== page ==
Guatemala must consult indigenous communities
In 2011, the Q’eqchi’ Maya indigenous community of Agua Caliente, in the municipality of El Estor in Guatemala, filed a complaint with the Inter-American Commission on Human Rights (IACHR), demanding rights over their ancestral lands that had been used for decades for nickel mining operations without their consent. In August 2020, the IACHR took the case to the Inter-American Court of Human Rights.
In 2021, indigenous communities and the country’s Guild of Artisanal Fishermen managed to stop the Fénix mining project, owned by Swiss-headquartered investment group Solway, by successfully claiming in court that they were refused a formal consultation on its impacts. In April 2022, Guatemala’s constitutional court reaffirmed that the consultation process was illegal, despite its government approval.
However, Juan Carlos Villagrán, an independent Guatemalan consultant for environmental issues, says that despite this, the mining company has not ceased operations. During a field visit at the end of April, he claims to have checked many trucks continuing to load equipment at the site.
Furthermore, Villagrán claims that the consultation on the mining company’s activity in El Estor was approved at the time by certain members of the Q’eqchi’ community who had been selected for consultation by the company itself. They told the IAHCR in March 2022 that they rejected the court-mandated land titling process and that they were happy with the mining company because their operations were generating jobs. These members of the Q’eqchi’ community call themselves the “legitimate representatives”. They do not include any of the militants.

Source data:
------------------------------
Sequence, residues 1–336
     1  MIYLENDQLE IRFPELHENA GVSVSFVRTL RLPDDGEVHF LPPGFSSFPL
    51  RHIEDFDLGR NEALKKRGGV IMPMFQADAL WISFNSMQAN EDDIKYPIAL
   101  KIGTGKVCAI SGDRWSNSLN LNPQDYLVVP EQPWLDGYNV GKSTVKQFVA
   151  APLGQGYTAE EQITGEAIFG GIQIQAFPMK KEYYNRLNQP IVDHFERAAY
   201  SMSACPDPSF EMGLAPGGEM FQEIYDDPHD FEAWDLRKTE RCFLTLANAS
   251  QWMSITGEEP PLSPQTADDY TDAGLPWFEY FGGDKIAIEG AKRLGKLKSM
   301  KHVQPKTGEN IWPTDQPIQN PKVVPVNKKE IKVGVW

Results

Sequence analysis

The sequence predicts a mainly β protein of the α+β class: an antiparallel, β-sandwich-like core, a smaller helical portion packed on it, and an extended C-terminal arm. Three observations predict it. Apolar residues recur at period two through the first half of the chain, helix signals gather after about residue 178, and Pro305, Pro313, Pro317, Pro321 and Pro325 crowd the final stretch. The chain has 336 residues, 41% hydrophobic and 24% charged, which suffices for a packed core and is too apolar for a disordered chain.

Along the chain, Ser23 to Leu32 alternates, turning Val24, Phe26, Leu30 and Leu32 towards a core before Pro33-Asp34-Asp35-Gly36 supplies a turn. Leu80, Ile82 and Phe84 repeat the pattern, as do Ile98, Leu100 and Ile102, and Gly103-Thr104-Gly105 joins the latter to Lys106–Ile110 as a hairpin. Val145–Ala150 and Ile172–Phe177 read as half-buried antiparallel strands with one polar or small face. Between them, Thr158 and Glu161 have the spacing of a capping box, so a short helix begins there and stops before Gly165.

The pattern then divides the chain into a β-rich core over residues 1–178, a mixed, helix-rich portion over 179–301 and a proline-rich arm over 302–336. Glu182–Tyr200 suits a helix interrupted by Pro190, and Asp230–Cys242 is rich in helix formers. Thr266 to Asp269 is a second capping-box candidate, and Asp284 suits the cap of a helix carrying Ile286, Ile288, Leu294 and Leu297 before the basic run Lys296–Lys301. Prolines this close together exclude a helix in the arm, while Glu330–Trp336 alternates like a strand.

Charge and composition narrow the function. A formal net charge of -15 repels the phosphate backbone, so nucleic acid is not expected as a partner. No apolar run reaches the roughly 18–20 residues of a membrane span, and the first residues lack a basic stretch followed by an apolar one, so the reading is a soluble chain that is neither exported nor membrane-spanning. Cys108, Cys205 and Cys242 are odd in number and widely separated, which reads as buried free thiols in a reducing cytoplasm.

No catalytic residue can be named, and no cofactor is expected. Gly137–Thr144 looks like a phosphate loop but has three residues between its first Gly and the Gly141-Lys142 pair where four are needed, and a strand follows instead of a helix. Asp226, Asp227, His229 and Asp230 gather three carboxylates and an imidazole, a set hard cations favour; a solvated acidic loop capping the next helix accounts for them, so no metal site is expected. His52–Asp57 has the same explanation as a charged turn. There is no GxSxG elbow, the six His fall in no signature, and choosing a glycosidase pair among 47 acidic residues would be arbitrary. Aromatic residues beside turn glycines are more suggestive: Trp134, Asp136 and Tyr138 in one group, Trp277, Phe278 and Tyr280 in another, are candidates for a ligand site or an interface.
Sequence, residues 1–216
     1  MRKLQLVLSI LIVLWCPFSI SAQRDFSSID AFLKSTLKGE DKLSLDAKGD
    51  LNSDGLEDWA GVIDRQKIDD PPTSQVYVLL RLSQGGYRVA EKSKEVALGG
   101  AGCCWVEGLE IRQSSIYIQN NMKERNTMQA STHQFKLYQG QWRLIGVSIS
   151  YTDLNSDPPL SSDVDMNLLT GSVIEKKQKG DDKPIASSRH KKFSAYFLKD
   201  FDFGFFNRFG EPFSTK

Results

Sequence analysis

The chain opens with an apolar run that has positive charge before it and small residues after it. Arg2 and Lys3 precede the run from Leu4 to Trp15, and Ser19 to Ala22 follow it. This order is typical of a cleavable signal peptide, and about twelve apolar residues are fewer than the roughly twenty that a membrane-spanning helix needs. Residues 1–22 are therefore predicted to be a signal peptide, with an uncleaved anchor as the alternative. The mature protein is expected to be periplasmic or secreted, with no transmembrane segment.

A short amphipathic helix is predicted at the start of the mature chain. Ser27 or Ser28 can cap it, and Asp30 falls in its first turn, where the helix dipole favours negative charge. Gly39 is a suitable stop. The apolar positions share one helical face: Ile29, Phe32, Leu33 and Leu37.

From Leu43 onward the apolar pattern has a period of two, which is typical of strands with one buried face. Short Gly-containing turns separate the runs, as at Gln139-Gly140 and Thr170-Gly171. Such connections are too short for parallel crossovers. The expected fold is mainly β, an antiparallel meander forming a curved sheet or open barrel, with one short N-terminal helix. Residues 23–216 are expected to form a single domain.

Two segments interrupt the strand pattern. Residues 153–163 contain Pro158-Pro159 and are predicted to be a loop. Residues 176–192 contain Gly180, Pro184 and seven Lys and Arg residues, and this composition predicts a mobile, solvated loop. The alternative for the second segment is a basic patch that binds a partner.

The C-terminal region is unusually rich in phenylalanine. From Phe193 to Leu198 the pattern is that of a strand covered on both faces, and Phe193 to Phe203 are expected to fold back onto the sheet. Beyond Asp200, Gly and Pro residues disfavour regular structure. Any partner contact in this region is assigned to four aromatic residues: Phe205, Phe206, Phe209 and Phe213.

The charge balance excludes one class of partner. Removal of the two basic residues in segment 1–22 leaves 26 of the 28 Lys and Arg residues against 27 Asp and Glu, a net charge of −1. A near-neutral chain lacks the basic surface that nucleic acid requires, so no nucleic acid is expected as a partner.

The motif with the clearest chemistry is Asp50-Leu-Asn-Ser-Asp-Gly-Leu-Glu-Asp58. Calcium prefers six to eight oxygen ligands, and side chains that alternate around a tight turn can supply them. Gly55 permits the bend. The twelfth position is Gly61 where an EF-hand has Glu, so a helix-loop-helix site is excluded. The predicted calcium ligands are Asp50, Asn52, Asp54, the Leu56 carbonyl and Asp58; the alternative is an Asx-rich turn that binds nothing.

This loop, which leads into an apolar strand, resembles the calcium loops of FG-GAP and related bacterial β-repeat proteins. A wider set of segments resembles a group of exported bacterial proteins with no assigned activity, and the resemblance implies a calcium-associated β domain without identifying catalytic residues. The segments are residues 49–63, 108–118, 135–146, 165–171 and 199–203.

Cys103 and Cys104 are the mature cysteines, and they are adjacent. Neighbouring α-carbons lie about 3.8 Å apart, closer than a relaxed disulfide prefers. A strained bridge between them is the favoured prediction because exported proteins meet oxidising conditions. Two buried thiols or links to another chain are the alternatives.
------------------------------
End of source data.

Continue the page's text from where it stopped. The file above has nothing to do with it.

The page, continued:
Even if there is a possible decision favorable to the community, Villagrán adds that there is still much to resolve in Guatemala to ensure that any binding resolution will be respected. He says greater budgetary commitment, disincentives for non-compliance such as fines and bans, and the need for mechanisms that regulate environmental impact assessments (EIAs), mandatory in this type extractive project, are all necessary.
A region in crisis
The banning of Honduras and the recognition of rights in Panama and Guatemala appear to be positive steps for Central America. Yet the lack of regulatory support and other cases, including that of El Salvador, which in 2017 became the first country to impose a blanket ban on metal mining, suggest that a future of tougher environmental legislation in the region is anything but assured.
Despite its 2017 commitment, in May 2021 El Salvador joined the Intergovernmental Forum on Mining, Minerals, Metals and Sustainable Development.
Moreover, several Central American countries have not yet signed or ratified the Escazú Agreement, which promotes transparency of environmental information, as well as the rights of conservationists and indigenous peoples. Among them, Costa Rica, one of the first architects of the agreement and seat of the city that bears his name.